(Review by Tulis McCall)
Bravo, Bravo! There is so much right with this production, including the fact that it is the men’s room that has a waiting line that I hardly know where to begin.
I guess I could start with the set by Sarah Seitler, which is a grand swoop of glistening material capped in the upper right corner by two enormous gold wedding bands. There is an altar of sorts with two crystal bouquets and a gaggle of clear plastic chairs that pick up the light. The effect is all satin and crystal and way over the top in the best way.
This collection of short plays and monologues celebrate gay love and lament the political state of affairs in which love is still being legislated. In The Revision, Wallace (Richard Thomas) and Nate (Craig Bierko) struggle with marriage vows. Because theirs is not a legal wedding they decide to replace “lawfully wedded husband” with “Lawfully civil-unioned or domestic partnered” and proceed to nitpick their way through the rest so that they reflect the reality rather than the desired condition. In the end, about all they leave untouched is, “I do.”
In This Flight Tonight Hannah (Polly Draper) and Allie (Beth Leavel) are returning to Iowa, Polly’s home state, to get married because they cannot do it legally in California. Allie is filled with jitters and resentment that she cannot have her ceremony on the beach the way she wanted to. Hannah is annoyed that, after all this time together Allie is doing her own version of standing on ceremony.
The Gay Agenda by Paul Rudnick with Harriet Harris, we meet Mary Abigail Carstairs-Sweetbuckle, a homemaker wound tighter than Big Ben, who is a member of every right wing organization to protect family matters limited to Christians, heterosexuals and Aryans. Over the course of her speech, in which she warns us of The Gay Agenda, we watch Mary Abigail slowly spin out of control and twirl herself right into the ground. This is the evening’s most hilarious pieces, and as written by Rudnick, it is satire of the high order delivered flawlessly by Ms. Harris. Consideration ought to be given to moving this toward the end of the evening.
In The London Mosquitoes by Moisés Kaufman, Joe (Thomas) gives a thoughtful, self-effacing eulogy for his partner, Paul, with whom he shared 46 years. In the moment that anchors the double edge of this production Joe tells us that when marriage became legal he asked Paul to marry him. Paul’s reply? “If we married now, we’d be having our one year anniversary next year. What would that say about the last forty-five years? That we were just messing around? Messing around for all that time?” He said, “I stopped messing around with you the night I kissed you! NO! We can’t erase history that way!“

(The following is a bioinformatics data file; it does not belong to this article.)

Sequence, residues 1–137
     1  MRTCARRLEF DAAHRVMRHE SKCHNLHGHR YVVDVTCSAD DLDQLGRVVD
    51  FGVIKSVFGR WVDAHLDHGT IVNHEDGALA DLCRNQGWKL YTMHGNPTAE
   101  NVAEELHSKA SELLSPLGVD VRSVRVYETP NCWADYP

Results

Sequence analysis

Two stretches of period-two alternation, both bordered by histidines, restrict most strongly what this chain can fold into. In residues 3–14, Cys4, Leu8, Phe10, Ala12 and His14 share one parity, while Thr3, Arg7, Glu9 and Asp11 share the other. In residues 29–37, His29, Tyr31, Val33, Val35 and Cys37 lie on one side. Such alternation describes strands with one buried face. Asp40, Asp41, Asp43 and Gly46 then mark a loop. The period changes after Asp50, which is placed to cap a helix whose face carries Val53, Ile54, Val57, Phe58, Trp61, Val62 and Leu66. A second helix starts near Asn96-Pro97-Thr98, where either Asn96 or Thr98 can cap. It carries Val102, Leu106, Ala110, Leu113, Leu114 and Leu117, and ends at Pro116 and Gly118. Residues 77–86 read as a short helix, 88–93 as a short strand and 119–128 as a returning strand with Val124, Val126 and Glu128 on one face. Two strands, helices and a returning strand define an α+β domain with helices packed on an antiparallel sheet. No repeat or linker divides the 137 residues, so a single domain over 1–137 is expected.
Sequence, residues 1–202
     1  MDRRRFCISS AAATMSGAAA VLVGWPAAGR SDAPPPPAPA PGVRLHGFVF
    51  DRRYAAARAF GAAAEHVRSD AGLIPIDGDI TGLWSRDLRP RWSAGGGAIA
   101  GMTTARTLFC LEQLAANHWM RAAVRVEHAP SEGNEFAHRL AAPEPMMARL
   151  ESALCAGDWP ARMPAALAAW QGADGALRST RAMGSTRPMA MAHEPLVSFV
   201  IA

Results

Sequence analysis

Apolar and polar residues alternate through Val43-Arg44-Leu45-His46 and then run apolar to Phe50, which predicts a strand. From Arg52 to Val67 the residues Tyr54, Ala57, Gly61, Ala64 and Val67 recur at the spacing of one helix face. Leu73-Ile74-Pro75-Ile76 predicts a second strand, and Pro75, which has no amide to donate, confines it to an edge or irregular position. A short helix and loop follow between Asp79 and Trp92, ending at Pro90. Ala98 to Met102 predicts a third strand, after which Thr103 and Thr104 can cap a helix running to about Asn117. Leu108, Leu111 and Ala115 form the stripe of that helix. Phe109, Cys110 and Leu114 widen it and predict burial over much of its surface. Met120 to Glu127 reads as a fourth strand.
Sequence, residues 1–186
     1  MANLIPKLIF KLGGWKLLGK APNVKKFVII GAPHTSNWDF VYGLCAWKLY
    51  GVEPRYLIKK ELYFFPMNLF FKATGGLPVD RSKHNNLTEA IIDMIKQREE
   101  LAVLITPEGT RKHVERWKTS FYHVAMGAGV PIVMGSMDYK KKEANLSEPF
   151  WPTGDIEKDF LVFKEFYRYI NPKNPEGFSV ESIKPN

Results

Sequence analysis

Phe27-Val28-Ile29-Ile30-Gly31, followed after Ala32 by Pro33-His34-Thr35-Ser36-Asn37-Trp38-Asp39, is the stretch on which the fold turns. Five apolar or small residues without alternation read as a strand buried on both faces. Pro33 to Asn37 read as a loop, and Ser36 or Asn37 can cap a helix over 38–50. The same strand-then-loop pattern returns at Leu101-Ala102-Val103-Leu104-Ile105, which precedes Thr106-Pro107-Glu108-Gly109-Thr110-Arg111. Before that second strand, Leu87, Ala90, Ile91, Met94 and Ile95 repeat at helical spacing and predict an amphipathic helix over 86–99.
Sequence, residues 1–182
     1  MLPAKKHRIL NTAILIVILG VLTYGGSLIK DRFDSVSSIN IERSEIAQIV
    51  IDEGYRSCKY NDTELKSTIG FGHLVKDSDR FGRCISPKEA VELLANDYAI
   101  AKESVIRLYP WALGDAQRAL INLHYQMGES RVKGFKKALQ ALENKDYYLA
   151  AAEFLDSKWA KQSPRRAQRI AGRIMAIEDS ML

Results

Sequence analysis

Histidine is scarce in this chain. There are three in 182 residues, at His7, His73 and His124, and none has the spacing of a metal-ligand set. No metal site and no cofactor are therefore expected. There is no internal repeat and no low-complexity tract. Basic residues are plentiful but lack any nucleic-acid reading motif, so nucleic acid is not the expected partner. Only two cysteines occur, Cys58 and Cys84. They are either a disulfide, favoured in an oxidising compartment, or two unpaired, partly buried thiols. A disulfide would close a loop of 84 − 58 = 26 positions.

A point I never considered before. And I am in the choir on this matter. What does that tell you?
While the evening works beautifully as a whole, the writing is not all of the same quality. And, not to make too fine a point of if, of course, but of the six white authors, five are men. Are we talking qualified equality? The press release tells us that there are six other plays that will be introduced as well (the line up of plays and actors are subject to change), and four of these authors are women. Still is would have been good to see an even representation from the start. It called to mind the line by the very funny Polly Draper in On Facebook by Doug Wright: “How come in threads like these, lesbians are always under-represented?” Hmnnnnnn….
Because the writing is a bit off balance, the actors don’t all have the same chance to strut their stuff, but each one takes center stage with style and grace. And one of the repeated pleasures is to watch them watching each other. When they are not reading in a piece each person is a study in active listening. These are generous performers, and being in the same theatre with them as they perform work about human rights is an honor.
Now all they need to do is use resume shots that are less than 10 years old….
"Mostly genial, often funny."
Charles Isherwood for New York Times
"Balancing comedy with well-placed notes of melancholy, regret and longing."
Elisabeth Vincentelli for New York Post
"Puts a human face on a hot-button issue and delivers laughter and tears rather than propaganda."
David Sheward for Back Stage
"While a distinct preaching-to-the-choir feeling inflects this worthy aggregation – you can bet that Rick Santorum ain’t ever gonna see ‘em – the plays are at least agreeable, and in most cases, considerably better than that."
Michael Sommers for Newsroom Jersey
"A feel-good show celebrating gay marriage."
Marilyn Stasio for Variety
External links to full reviews from popular press...